A clarification on encrypted PIN blocks and the recent US Target breach

There is a lot of FUD around with the recent Target breach in the US.

It seems that criminals were able to access the Point Of Sale (POS) registers at Target locations throughout America over the recent holidays.

They were able to capture 40-million transactions which included full magnetic track data and Encrypted PIN Blocks.

A Basic Retail Transaction Flow

Retail Transaction Flow
  1. Clerk scans items into the POS and selects card for transaction. POS then tells terminal to start transaction
  2. PIN Terminal prompts customer to swipe card and enter PIN/signature
  3. PIN Terminal extracts account number of track data of card, formats this and the PIN into a PIN block and generates Encrypted PIN Block (EPB) using current PIN Key
  4. PIN Terminal sends track data, EPB and transaction details to POS Terminal
  5. POS Terminal reformats data to suit merchant gateway/payment servers.
  6. Gateway sends data to the acquiring bank (the payment processor)
  7. acquiring bank sends EPB to their HSM. HSM decrypts the EPB, re-encrypts the PIN Block under its own key and sends result to issuing bank to check PIN.
  8. Acquirer then confirms PIN correct.
  9. Gateway tells POS that PIN is correct
  10. Customer leaves with purchases.

What is the Point Of Sale (POS)?

The POS is normally just a consumer OS with a custom applications for retail. Usually this is a version of windows (very frequently just Windows XP). The POS is most likely remotely administrated using the a VNC or RDP client. Naturally this has been where a significant number of breaches have occurred for example:

The POS is connected to the PIN terminal normally using a serial connection. It controls the PIN terminal through API commands through the serial connection and instructs the PIN terminal to start a transaction.

It's function is to provide the retailer with an interface to enter purchases and handle the cash register functions.

What is a PIN Terminal?

The PIN Terminal is a tamper resistant device expressly designed for the protecting of the PIN. It contains a number of cryptographic keys, most importantly the PIN encryption key.

PIN Terminals are certified under a number of different standards.

The most common one is the PCI - PIN Transaction Security (PCI-PTS) standard.

Terminals certified support the following key management schemes:

Fixed Key - PIN Key loaded and stored as a fixed value into the terminal.

Master Key / Session key (MK/SK) - PIN Key is loaded encrypted under a Master Key. PIN Key may be updated for each new transaction, or every day depending on the acquiring bank.

Derived Unique Key Per Transaction (DUKPT) - a unique PIN Key is generated for each new transaction. Transaction data is sent with the encrypted PIN block to allow for the Acquirer HSM to generate the PIN key for that transaction.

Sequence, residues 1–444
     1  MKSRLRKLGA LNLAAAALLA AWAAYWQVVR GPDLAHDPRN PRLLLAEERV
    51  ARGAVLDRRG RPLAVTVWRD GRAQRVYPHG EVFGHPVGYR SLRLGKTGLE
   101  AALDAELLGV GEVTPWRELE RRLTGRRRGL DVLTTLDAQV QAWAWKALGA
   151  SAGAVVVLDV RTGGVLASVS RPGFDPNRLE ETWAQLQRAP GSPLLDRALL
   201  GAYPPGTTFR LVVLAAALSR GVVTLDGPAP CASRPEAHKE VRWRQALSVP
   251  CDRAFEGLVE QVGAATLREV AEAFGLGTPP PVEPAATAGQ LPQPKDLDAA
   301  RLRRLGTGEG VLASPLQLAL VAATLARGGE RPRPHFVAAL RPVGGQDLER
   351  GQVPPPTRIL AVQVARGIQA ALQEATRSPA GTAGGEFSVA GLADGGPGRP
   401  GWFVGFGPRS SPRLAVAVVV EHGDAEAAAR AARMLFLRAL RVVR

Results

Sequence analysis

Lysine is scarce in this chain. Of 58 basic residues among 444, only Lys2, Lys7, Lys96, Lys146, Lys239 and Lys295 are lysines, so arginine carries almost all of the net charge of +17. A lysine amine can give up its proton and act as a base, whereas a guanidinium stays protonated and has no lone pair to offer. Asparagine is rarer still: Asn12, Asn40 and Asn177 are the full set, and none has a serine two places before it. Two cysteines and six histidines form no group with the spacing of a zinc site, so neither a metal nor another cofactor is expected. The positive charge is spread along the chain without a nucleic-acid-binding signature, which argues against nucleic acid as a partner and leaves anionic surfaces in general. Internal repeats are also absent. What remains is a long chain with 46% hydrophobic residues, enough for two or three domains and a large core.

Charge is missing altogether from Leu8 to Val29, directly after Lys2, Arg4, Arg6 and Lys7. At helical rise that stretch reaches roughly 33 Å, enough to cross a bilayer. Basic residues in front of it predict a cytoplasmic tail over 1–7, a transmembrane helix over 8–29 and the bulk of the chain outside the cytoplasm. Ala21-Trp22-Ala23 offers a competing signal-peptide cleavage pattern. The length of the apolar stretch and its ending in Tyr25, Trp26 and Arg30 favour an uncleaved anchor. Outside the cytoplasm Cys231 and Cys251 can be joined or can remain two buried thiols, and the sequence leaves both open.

In terms of security DUKPT > MK/SK > Fixed

Target have not stated what key management they were using at this stage.

Terminals contain a number of protections against attacks on PINs and PIN blocks. These include ensuring that PIN Keys cannot be extracted from the terminal, PIN Keys are 112-bits long or greater and that only a maximum of 120 Encrypted PIN Blocks can be generated per hour. The standards also mandate that PIN Keys are at a minimum unique per terminal.

Okay how is the Encrypted PIN Block generated?

The PIN Terminal then prompts the customer to swipe the card, then enter their PIN. The account number is then copied from the card track data, combined with the PIN to form the plain-text PIN block.

The plain-text PIN block is then encrypted using the PIN terminals PIN Key to form the Encrypted PIN Block. (EPB)

The transaction data, plain-text track data and the EPB are then sent to the POS.

The plain-text PIN block formed into a fixed field as specified in the ISO 9564 standard, see this post by Matthew Green on further details of this.

The formed PIN block is then encrypted using the chosen PIN Key by the terminal in Electronic Code Book (ECB) mode.

So why are the PIN Blocks from the Target attack safe?

The Target attackers appear to have been able to grab the data sent from the POS system to the merchant gateway (Step 5 above). So this has given them a lot of sensitive data like track data and the Encrypted PIN Blocks.

Target has stated that the PIN Blocks were encrypted using Triple DES keys, so a brute force attack is out of the question.

Each PIN Block has been encrypted using the unique PIN Key on that POS's PIN Terminal. An attacker would have had to extract the PIN Key of the terminal where the PIN block originates from. This requires at a minimum physical access to that terminal. It is not feasible to extract the plain-text PIN keys remotely.

The Encrypted PIN Blocks combine both the account number and the entered PIN making it impossible to create a PIN dictionary with just the PIN numbers, you must have the corresponding account number.

Creating a PIN dictionary with the known account numbers is infeasible. It takes a maximum of 83.3 hours (10,000 blocks) to generate a 4 digit PIN dictionary IF the attacker has access to the PIN terminal that generated the encrypted PIN Block for 1 account number. Note that this is for ONE account number. Terminals usually rotate keys at least once a day for this reason and most likely Target have rolled all keys at the stores since the breach. 

So are you safe?

If you've shopped at target in the US over the the holidays I would suggest you order a new card from your bank. It also wouldn't be amiss to change your PIN as well just to be sure. Once thats done you should be fine.

Even if you didn't shop at Target make sure you keep track of your financial statements for any unknown transactions, this is just common sense.